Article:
I wrongly expected Graves to conform to what I have known of him already. He explains that he wants the memoir to fill a gap of his biography and, if possible, to correct readers' impressions that he has always been some sort of wise man. "They call me the Sage of Glen Rose, you know. He ain't in that book. If people want to think about me that way, that's fine, but it's not what I am." The writer Don Graham has argued that to understand Graves, readers must see that is both a regionalist and an "internationalist," a man of the world. More than that, Graves asks readers to believe that he is not only the wise man, but sometimes the fool. Throughout his writing, Graves often takes pains to insist that he is quirky and fallible, but without any real stories of the quirks and fallibility, this has always seemed like modesty. Now, in the memoir readers have the details to bear out those claims. Graves is quirky and fallible. The book lets us see him as a human being.
Many other people's memoirs seem to lead to moral justification of the author's way of life," he writes in the introduction, "but I don't seem to have that feeling about my own life, or at any rate about the memoir's particular segment of it." The comments and summaries he provides between journal entries never attempt to justify or rationalize his behavior or his choices along the way. Graves chooses instead to reveal himself, to show that it was a struggle to understand himself and to make his way in the world.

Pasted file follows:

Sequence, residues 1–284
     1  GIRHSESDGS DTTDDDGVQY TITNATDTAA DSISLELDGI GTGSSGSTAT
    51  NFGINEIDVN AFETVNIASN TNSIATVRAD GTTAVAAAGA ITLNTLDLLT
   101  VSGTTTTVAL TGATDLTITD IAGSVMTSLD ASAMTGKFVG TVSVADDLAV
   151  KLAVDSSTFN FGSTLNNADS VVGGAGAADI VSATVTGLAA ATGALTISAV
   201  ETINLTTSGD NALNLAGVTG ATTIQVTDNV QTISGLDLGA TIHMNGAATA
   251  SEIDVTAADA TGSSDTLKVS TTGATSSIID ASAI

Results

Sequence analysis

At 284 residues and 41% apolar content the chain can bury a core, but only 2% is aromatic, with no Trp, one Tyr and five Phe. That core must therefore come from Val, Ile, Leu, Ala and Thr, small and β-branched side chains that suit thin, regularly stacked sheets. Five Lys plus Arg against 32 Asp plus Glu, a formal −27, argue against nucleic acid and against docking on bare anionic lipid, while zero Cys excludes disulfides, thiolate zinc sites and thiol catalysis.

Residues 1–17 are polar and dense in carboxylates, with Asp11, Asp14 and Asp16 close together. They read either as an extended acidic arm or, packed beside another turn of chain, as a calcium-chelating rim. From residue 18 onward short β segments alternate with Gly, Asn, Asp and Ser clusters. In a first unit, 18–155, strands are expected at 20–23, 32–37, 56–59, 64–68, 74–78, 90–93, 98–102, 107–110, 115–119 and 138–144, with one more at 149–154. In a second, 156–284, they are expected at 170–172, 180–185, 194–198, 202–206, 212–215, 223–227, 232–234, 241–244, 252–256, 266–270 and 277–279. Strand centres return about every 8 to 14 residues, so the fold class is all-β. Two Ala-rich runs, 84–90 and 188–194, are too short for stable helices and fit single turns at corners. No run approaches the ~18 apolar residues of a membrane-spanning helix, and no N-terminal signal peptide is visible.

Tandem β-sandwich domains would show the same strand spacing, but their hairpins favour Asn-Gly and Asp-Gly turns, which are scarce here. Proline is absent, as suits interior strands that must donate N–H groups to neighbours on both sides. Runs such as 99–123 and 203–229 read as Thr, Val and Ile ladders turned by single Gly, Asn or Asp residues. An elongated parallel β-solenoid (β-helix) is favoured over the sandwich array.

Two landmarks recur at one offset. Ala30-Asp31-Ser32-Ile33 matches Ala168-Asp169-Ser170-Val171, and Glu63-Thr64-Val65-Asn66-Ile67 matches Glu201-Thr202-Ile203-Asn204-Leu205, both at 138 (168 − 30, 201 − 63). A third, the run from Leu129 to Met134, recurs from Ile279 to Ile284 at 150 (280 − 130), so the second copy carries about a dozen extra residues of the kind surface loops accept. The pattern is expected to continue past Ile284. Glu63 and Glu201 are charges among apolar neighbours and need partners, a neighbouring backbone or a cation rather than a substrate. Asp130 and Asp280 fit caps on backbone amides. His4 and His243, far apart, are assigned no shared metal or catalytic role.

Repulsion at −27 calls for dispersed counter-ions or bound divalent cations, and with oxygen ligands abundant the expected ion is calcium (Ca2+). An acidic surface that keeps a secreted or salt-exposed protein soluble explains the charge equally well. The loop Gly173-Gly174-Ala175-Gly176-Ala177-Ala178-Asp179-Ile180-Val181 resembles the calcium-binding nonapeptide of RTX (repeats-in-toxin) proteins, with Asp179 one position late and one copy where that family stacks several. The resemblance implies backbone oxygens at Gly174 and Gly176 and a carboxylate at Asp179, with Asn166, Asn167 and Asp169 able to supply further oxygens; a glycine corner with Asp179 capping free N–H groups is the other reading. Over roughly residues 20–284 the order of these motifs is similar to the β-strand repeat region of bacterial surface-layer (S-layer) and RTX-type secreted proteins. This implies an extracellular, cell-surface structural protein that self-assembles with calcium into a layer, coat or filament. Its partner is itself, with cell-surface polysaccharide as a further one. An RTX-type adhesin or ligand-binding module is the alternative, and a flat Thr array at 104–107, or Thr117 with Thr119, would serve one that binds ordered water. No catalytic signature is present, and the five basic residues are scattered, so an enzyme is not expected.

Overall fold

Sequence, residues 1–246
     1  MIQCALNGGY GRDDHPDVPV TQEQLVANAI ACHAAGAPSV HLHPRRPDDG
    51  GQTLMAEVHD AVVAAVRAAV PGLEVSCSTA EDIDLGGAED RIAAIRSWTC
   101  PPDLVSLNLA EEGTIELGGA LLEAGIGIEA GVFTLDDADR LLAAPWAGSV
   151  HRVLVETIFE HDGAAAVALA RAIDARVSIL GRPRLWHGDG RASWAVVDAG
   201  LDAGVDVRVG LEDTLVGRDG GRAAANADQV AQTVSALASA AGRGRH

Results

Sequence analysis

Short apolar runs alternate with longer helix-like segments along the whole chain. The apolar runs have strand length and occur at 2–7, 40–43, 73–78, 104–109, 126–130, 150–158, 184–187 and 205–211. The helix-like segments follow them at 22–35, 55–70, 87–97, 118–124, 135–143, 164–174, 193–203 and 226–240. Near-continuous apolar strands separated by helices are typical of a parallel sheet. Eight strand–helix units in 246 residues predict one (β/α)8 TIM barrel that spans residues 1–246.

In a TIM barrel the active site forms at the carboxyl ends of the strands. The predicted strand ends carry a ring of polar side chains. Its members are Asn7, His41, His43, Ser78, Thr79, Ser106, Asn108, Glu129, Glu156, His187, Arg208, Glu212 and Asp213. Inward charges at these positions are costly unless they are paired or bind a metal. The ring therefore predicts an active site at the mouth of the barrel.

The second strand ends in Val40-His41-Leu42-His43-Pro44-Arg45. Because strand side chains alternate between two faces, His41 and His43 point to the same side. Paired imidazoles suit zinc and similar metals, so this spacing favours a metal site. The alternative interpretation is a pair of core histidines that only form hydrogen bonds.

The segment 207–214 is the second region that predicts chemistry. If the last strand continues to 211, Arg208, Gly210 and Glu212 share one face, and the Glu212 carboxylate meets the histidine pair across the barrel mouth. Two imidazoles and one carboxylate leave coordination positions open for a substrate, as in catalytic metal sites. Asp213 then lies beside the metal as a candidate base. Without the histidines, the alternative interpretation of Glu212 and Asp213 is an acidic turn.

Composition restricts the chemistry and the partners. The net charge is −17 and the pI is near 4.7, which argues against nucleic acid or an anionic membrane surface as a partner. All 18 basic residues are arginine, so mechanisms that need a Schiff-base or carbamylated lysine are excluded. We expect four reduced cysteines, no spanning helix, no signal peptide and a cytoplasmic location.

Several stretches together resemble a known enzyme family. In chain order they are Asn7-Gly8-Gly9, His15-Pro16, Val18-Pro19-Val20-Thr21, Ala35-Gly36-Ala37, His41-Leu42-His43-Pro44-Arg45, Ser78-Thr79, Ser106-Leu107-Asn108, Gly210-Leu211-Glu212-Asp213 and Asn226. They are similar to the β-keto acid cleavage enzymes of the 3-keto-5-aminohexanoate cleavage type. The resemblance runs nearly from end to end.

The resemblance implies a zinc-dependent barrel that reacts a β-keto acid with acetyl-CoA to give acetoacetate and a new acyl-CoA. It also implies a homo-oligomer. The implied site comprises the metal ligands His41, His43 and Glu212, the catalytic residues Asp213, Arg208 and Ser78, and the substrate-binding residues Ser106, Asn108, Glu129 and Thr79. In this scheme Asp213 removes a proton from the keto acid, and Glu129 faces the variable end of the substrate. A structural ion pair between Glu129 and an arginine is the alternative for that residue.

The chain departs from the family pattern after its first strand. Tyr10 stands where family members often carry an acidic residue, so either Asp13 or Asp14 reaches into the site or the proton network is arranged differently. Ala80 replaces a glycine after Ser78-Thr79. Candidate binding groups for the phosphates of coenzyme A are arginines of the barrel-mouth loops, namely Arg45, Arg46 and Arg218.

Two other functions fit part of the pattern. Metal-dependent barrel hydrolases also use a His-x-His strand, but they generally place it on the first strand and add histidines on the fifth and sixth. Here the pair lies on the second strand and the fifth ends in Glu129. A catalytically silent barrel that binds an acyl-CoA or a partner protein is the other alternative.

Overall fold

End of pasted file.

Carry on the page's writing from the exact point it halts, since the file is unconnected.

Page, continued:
I ask him what he guesses people will think of it. Again without hesitating, "I don't really care at this point. I don't give a shit about my image anymore."
Some readers will feel disappointed that Graves was not always the sage and stoic man they thought he was. For one, I'm delighted to learn that he's the man he always claimed to be, and to know better the travels and troubles that shaped him.
If you track his movements on a map, you see a wide fling from Texas, an eventual return, and finally a settling down on one particular piece of land. After a tour of duty in the Pacific and years roving over Spain and the Canaries, he comes back to Texas and roves for a month down the Brazos. Within three years, he buys Hard Scrabble and over the decades that follow he comes to live on it permanently; here his range of motion is largely over the space of
these acres. And, finally, in recent years, he moves mostly in and near the house itself.
The scope of his contemplation, however, reverses the pattern if not toward motion, then toward breadth and openness. As the memoir shows, he was sometimes naive and profane as a young man abroad. Returning home, he sees with new eyes a world he's always known but never investigated deeply. And he investigates it.